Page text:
Urbana Task Force could see success with more representative information

By Daily Illini Editorial Board

Numbers can be misleading. Without the proper context, a figure could be mathematically correct but not representative of the information you are trying to present. Sometimes misrepresentation is a mistake, but, other times, it may be deliberate.

A wariness for statistical figures ran through the Urbana City Council when it was discussing the development of a task force, which would examine racial disparities in traffic stops. For nearly a decade, the city has collected and examined information regarding what many believe to be a disproportionate number of stops for minorities.

And after the Illinois Department of Transportation handed down its report in 2012 that asserted Urbana was stopping a higher percentage of minorities, Mayor Laurel Prussing was not convinced of the report’s veracity. She considered the data a tool, rather than an accurate gauge.

In December, council member Charlie Smyth agreed: “People are convinced already without having a formal experiment to base it on. No one has done an extensive, categorical data analysis with controlling for a number of factors on this data.”

They were rightfully skeptical because the census data used by IDOT considers the entire State to compute the percentages may not accurately represent the proportion of minorities living in Urbana. To see if Urbana really is unfairly pulling over minorities, the council voted to establish a task force to better examine the data.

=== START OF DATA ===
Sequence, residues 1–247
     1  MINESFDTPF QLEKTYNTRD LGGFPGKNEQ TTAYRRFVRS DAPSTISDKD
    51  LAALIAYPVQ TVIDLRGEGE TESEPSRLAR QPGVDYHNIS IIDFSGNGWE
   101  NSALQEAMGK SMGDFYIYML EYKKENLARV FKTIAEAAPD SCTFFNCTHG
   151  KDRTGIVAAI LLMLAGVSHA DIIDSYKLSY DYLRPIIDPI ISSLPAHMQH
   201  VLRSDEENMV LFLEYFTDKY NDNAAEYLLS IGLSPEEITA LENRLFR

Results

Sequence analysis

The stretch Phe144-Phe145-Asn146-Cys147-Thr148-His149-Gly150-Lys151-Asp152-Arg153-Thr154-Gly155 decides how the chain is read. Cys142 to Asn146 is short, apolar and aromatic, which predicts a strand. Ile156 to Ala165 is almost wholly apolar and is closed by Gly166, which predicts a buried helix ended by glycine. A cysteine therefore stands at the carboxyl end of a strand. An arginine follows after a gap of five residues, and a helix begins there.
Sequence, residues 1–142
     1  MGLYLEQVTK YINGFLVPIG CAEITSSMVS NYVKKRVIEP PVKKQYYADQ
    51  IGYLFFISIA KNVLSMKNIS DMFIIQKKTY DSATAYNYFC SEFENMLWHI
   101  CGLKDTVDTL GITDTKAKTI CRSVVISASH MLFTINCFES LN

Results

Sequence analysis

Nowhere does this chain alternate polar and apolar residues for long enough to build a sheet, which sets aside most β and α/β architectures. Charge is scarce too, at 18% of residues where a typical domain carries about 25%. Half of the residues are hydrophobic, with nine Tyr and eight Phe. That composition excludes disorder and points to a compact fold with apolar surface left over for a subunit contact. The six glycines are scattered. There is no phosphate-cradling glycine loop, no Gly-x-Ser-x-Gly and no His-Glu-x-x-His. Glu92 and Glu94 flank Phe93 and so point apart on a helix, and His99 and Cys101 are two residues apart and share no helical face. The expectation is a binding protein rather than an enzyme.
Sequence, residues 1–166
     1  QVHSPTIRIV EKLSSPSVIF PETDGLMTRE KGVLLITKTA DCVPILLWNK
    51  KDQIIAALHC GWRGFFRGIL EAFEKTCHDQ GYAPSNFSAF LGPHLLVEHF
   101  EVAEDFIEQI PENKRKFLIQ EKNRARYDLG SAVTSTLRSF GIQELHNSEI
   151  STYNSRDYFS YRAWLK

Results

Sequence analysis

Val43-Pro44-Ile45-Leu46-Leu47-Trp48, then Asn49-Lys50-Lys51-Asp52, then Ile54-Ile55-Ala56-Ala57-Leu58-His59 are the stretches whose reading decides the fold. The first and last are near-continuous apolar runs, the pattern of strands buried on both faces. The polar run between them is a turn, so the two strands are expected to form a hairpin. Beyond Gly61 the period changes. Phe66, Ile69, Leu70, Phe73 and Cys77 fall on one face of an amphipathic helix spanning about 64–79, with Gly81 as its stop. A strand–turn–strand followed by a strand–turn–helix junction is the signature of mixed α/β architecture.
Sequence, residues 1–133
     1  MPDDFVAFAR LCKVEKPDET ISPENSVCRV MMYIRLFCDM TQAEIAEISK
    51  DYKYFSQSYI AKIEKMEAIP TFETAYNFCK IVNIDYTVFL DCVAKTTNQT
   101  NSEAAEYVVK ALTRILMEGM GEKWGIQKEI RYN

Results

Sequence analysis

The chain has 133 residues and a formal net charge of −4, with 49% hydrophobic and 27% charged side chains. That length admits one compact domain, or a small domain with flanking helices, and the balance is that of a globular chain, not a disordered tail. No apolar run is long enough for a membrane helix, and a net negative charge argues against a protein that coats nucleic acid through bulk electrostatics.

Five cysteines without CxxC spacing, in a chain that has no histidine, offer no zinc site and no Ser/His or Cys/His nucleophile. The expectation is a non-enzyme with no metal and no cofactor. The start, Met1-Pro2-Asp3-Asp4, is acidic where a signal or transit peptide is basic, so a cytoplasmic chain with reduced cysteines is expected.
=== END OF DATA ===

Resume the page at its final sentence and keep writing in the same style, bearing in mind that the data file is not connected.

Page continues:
But even with the task force, it’s possible the results turn to be inconclusive. To boost the chance of the task force’s success, it must work to ensure that clerical errors do not happen, as they had in earlier years when collecting the data, according to Urbana Chief of Police Patrick Connolly.

Because the task force is also supposed to bring transparency to the process, it must work to encourage community members to come forward and share their experiences. Without the context of their stories, we can’t know if new data will accurately reflect the traffic stops that happen. Establishing a complete and representative data set for analysis necessitates as much anecdotal context that can be obtained.

Given the length of time that the city has spent trying to follow up on the traffic stops, some may have come to assume that minorities are stopped in a greater proportion.

While we hope that there is no discrimination, we cannot know that based on assumptions and one or two studies alone: We need a complete portfolio of evidence that proves beyond a reasonable doubt that the Urbana Police Department needs reform.

Members of the Urbana City Council were right to question the statistics, but if the next step of gathering more local data is not carried out objectively and precisely, it could be years before we know the truth.

And the truth isn’t something the minorities in the Urbana community should keep waiting for to spark constructive change.